In this study, data from breast MRI-guided near infrared spectroscopy (NIRS) exams delivered to 44 patients scheduled for surgical resection (ending in 16 benign and 28 malignant diagnoses) were analyzed using a spatial sensitivity metric to quantify the adequacy of the optical measurements for interrogating the tumor region of interest, as derived from the concurrent MRI scan. Along with positional sensitivity, the incorporation of spectral priors and the selection of an appropriate regularization parameter in the image reconstruction were considered, and found to influence the diagnostic accuracy of the recovered images. Once optimized, the MRI/NIRS data was able to differentiate the malignant from benign lesions through both total hemoglobin (p = 0.0037) and tissue optical index (p = 0.00019), but required the relative spatial sensitivity of the optical measurement data to each lesion to be above 1%. Spectral constraints implemented during the reconstruction were required to obtain statistically significant diagnostic information from images of H2O, lipids, and Tissue Optical Index (TOI). These results confirm the need for optical systems that have homogenous spatial coverage of the breast while still being able to accommodate the normal range of breast sizes.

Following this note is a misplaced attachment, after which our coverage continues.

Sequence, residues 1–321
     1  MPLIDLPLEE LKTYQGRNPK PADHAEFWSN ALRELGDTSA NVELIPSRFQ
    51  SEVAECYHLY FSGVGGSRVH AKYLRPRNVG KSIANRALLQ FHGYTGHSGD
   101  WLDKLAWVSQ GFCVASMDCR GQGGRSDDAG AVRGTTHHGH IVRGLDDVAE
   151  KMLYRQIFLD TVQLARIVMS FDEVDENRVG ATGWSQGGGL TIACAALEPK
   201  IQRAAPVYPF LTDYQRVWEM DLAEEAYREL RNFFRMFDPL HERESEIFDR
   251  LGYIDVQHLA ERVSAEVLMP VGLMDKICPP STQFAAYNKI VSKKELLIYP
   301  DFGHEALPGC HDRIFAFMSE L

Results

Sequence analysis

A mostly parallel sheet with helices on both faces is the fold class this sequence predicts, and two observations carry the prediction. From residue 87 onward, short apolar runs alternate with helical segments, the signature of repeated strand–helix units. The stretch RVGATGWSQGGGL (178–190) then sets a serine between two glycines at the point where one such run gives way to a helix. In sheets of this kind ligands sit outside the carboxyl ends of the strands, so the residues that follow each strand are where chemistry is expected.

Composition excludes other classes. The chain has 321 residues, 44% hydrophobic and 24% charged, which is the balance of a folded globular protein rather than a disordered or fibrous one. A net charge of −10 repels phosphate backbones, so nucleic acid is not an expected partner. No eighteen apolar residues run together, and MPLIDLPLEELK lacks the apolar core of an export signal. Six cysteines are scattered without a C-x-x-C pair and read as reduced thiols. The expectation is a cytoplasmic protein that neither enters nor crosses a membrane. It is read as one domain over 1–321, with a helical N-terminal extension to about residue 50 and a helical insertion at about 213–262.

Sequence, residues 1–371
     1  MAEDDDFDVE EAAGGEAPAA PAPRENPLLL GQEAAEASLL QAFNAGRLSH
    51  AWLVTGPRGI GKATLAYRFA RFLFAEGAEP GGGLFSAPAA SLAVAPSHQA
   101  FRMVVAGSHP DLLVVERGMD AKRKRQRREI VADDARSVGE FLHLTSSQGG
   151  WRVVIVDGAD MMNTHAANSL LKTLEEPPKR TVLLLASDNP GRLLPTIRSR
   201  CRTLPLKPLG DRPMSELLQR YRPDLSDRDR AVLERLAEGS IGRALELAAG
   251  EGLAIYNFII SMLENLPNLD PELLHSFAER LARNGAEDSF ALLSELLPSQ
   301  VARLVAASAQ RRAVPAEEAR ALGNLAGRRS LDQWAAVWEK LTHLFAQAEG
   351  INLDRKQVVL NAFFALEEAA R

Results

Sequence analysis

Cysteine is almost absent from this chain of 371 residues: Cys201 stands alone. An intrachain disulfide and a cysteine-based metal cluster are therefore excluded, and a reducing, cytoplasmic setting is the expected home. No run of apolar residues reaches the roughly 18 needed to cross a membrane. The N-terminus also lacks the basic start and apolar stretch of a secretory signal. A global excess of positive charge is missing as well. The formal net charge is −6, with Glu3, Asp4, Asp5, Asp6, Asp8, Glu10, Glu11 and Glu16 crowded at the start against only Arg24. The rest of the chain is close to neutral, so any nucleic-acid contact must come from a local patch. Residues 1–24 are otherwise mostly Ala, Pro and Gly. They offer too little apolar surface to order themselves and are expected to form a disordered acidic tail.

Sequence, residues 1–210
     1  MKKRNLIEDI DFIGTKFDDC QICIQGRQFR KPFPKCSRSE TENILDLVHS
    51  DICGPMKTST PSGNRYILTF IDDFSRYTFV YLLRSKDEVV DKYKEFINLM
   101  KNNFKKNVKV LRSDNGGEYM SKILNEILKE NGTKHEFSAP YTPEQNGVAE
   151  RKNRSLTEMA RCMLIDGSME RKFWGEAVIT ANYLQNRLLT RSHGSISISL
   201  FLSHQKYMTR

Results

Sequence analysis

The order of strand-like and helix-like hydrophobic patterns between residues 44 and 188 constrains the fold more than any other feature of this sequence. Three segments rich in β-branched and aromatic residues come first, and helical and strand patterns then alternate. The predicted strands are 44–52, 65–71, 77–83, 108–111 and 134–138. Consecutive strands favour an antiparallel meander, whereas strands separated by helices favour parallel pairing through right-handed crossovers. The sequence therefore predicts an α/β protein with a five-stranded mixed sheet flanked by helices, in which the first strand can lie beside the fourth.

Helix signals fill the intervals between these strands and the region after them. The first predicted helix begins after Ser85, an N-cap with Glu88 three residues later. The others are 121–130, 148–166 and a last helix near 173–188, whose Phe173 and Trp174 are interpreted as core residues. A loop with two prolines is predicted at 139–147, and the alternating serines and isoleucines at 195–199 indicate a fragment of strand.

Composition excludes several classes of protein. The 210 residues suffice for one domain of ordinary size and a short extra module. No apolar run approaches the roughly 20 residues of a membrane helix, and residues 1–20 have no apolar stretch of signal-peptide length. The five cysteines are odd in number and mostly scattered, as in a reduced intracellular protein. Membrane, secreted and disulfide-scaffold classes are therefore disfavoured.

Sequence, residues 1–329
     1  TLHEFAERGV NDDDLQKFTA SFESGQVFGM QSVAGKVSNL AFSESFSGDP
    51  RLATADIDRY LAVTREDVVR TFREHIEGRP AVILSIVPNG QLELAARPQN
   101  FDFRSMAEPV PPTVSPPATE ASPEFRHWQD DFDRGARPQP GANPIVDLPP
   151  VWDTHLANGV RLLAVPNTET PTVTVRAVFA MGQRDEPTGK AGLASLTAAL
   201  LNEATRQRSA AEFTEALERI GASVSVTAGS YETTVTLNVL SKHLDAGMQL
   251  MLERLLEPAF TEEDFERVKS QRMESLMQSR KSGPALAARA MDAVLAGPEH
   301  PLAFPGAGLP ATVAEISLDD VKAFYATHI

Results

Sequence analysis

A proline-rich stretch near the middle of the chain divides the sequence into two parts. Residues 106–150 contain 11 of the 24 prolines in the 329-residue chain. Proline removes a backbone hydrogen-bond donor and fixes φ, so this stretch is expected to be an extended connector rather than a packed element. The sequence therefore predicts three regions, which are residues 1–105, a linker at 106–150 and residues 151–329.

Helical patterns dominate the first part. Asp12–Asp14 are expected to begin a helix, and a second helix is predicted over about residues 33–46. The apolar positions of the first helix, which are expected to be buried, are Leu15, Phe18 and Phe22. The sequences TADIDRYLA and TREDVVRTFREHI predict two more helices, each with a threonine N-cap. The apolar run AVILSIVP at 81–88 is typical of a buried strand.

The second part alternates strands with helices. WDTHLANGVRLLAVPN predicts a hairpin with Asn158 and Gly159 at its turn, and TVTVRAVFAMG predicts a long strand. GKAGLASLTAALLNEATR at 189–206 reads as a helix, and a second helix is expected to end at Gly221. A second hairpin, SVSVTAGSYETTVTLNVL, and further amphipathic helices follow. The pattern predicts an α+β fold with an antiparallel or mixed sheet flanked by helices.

Keywords: (100.6890) Three-dimensional image processing; (170.0110) Imaging systems; (170.6960) Tomography.